Platinum-based anticancer drugs — cisplatin, oxaliplatin, and carboplatin — are used for chemotherapy in about half of cancer cases. They penetrate cells and interact with DNA molecules. The process is fatal for rapidly dividing cancer cells because the drugs prevent the duplication of DNA molecules, which is necessary for successful division. Since cancer cells divide rapidly, they are the first to be affected. Still, platinum derivatives have certain disadvantages: low stability under physiological conditions and high toxicity.
To create new drugs, a strategy that involves the development of hybrid molecules is often used in modern chemistry. Such substances consist of two or more active fragments that are linked by a linker into one molecule. They usually have a double action, characteristic of each of the fragments.
A chemist from RUDN University, candidate of biological sciences Kirill Kirsanov, created a series of new drugs: hybrids of cisplatin, lonidamine, and bexarotene. Lonidamine itself has an anti-tumour effect due to its ability to suppress energy metabolism in cancer cells. In combination with radiation therapy, it is used to treat brain tumours. Bexarotene is used for the treatment of lung cancer and breast cancer, as it inhibits the growth of tumour cells of hematopoietic and squamous origin.
A derivative of cisplatin with bexarotene turned out to be the most promising. A combination of succinic acid and ethylenediamine was used as a linker. In tests conducted on four tumour cell lines, the hybrid drug was 80 times more active than bexaroten and 20 times higher on average than cisplatin, and the new drug was 80 times more active than cisplatin on MCF7D cell line. Based on the resulting leading compound, new and more effective anti-tumour medications can be developed.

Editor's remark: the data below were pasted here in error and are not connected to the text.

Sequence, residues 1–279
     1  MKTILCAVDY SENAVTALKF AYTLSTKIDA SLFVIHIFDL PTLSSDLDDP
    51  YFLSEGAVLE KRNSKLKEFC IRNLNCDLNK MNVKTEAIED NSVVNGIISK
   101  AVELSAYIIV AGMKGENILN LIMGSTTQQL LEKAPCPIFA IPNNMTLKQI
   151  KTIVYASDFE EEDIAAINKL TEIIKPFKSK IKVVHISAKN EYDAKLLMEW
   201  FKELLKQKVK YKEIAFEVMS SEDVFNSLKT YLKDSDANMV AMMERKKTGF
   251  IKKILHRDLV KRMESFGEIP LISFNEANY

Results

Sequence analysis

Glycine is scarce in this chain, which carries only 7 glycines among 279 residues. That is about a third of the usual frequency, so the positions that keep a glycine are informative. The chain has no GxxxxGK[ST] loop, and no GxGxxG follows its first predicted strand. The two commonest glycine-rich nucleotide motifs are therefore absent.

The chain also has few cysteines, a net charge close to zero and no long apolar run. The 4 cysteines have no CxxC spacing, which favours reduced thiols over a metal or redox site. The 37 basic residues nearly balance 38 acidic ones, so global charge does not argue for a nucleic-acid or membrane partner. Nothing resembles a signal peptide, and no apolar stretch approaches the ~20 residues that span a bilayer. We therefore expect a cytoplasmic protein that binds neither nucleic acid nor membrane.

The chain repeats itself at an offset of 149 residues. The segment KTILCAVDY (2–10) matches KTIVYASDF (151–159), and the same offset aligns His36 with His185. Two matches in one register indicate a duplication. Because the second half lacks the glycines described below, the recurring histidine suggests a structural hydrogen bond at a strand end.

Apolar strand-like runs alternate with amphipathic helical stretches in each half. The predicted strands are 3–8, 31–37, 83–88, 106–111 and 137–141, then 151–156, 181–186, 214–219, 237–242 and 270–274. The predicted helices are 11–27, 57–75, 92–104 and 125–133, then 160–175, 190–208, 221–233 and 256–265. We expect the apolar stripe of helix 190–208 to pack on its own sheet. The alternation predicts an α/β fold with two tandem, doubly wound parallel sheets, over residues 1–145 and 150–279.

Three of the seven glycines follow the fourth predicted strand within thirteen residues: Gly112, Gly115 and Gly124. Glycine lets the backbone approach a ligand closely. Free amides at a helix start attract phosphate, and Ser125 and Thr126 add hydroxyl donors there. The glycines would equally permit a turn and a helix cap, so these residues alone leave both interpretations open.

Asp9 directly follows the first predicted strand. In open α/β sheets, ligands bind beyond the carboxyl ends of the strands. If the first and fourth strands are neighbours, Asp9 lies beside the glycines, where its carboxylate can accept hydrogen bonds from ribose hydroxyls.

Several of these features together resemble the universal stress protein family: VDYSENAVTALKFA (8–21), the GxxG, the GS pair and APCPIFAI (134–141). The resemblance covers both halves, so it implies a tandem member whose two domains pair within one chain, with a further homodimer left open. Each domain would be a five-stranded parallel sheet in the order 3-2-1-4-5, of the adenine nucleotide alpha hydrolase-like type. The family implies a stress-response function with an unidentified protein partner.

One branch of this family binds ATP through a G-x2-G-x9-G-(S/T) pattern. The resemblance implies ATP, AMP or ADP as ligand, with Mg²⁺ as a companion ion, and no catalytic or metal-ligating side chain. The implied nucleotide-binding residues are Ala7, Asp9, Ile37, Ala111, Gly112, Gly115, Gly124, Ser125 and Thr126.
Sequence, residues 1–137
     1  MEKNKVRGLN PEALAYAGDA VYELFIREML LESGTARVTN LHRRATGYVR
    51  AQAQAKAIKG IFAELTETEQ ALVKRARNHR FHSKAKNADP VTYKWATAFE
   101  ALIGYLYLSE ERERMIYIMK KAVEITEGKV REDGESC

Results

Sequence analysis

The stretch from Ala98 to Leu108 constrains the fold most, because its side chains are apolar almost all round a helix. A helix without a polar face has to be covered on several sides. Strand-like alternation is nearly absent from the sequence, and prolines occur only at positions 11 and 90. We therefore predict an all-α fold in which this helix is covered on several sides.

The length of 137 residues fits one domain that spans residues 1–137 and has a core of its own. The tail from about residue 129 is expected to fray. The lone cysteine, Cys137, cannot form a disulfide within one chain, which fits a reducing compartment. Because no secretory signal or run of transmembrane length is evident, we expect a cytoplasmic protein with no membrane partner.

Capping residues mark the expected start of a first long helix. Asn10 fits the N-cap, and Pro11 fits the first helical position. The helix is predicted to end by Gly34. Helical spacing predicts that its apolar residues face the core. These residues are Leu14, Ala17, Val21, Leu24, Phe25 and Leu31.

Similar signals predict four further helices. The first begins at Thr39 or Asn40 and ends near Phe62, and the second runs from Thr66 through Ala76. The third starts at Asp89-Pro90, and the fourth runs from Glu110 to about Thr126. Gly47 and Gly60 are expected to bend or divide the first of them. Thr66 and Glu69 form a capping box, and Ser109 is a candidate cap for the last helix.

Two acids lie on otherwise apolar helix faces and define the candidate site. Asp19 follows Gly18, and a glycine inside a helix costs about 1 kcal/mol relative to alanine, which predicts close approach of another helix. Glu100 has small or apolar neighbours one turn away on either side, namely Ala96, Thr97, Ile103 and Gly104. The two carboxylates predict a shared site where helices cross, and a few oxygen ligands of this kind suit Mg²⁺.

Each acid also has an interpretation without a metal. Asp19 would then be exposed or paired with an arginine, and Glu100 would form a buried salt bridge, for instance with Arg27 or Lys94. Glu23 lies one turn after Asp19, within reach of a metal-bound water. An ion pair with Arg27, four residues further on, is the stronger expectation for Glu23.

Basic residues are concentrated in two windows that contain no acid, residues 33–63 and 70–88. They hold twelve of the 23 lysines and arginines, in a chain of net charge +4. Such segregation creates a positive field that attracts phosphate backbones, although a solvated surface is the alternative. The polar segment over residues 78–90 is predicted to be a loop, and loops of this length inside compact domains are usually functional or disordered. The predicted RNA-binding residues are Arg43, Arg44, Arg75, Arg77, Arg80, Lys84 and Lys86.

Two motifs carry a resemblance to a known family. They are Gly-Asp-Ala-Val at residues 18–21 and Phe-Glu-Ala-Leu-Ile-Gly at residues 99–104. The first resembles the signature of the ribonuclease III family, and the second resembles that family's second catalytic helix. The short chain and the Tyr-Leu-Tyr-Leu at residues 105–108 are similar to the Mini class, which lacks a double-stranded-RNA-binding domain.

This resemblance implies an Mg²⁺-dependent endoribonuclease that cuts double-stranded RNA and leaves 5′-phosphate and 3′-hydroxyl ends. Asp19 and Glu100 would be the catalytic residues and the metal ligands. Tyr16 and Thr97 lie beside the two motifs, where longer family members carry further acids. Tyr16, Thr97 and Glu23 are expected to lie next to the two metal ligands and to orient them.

The paper was published in the journal Inorganica Chimica Acta.
Yakov Kuzyakov, a well-known soil scientist, a leading scientist at RUDN Agricultural and Technological Institute and a professor at the King Saud University, has been awarded the title of highly cited researcher in the field of agricultural sciences (according to Clarivate).
A RUDN chemist has obtained a new compound — a dumbbell-shaped phosphate-bridged molybdenum cluster. The cluster accelerates the reaction of the formation of sulfides from oxides and can be used in pharmaceutical and cosmetic manufacturing.
Mathematicians from RUDN University have studied the properties of compositional operators in spaces with mixed Lebesgue norms. It will help describe the diffusion of liquids in materials with cracks and in porous materials. Such spaces are also useful for obtaining estimates for solutions to the Navier-Stokes equation.